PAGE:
Local activists held a prayer vigil Saturday morning in hopes that the Douglas County Treatment and Recovery Center will open its doors soon.
Justice Matters, a local coalition of faith-based organizations, has long pushed for the county to expedite the TRC’s opening. The center will add to resources and options available for people who experience mental and behavioral health crises and substance use disorders.
The group’s mental health research team led the prayer vigil Saturday morning outside the building at 1000 W. Second St., almost eight months after a ribbon cutting celebration gave the public a first glimpse at the facility. The center’s opening has been complicated by operations changing hands, turnover in leadership, delays at the state level as the state transitions to a new mental health care model and more.
County Administrator Sarah Plinsky, Bert Nash Community Mental Health Center CEO Patrick Schmitz and others provided an update for the Douglas County Commission on Wednesday. They said they hoped to present a final agreement for the center’s operations during the commission’s meeting on Wednesday, April 5. In the meantime, there may also be updates to the commission during their meetings on March 15 or 22.
The commissioners will be making all decisions regarding the operation and leasing of the TRC during their public meetings, according to the update.
After each led prayer, the group walked a lap around the Treatment and Recovery Center.
They circled the building seven times as the Israelites marched around the walls of Jericho in the Bible, praying for different aspects of the community affecting the Treatment and Recovery Center with each lap.
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Robin Wood prayed for Bert Nash employees and all who walk through the center’s doors.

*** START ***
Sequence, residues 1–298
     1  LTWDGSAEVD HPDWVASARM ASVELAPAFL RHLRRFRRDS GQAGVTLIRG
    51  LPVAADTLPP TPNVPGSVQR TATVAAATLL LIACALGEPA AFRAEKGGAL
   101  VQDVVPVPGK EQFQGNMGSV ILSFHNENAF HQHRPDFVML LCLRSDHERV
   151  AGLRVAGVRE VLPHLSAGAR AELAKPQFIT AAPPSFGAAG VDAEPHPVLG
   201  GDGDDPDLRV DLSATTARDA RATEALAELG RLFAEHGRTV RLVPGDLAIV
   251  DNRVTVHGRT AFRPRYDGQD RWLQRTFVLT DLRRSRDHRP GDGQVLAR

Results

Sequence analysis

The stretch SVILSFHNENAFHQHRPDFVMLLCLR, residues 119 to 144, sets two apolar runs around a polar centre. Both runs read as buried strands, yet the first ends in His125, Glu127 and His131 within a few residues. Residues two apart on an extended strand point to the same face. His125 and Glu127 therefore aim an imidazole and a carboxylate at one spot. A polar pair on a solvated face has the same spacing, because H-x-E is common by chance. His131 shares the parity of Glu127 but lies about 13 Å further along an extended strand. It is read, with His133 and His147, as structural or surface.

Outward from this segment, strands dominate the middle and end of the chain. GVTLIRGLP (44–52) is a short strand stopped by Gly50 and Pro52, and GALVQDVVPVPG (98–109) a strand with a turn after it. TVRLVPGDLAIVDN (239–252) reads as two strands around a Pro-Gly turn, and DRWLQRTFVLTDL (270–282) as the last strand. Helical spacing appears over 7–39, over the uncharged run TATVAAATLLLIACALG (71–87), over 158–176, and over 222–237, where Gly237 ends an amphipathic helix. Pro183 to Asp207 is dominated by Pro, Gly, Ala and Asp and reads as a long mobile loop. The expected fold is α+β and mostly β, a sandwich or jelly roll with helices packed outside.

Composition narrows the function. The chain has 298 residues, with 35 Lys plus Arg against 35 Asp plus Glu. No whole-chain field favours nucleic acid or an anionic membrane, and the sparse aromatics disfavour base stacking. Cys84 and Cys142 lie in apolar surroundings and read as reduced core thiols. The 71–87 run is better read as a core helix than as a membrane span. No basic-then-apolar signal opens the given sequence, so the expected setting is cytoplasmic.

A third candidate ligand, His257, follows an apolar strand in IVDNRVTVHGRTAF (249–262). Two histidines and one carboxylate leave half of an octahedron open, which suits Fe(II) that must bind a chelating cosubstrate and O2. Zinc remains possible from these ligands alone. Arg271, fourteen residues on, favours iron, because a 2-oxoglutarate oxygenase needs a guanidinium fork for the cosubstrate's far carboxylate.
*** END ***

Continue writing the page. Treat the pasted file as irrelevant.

Belinda Davis led a prayer for Plinsky, Bob Tryanski, the county’s director of behavioral health projects, and other county staff who help them.
Ann Spangler led a prayer for Schmitz, Stephen O’Neill, Bert Nash’s chief operations officer, and Bert Nash staff.
Steve Ozark led the group in prayer for Andy Brown and the Kansas Department of Aging and Disability Services to help complete the policies necessary to open the TRC.
Judy Pope, right, led the group’s fifth prayer, which was for the police officers who interact with people in crisis.
The sixth prayer was led by Bob Trepinski, who prayed for the TRC staff, director, nurses, therapists and others.
Bill Wood led the closing prayer, which was for all people in crisis to feel safe coming to the TRC. He wants people in crisis to know that the TRC is a “safe place to come, where people care for them.”
He also prayed for the family members and other community members who may help people in crisis, prayed that people in crisis could be safely brought to the TRC rather than taken to jail, and prayed for more people to be trained to help people experiencing mental health crises and substance abuse.
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Molly Adams (she/her), photojournalist and news operations coordinator for The Lawrence Times, can be reached at molly (at) lawrencekstimes (dot) com. Check out more of her work for the Times here. Check out her staff bio here.
— Reporter Mackenzie Clark contributed to this article.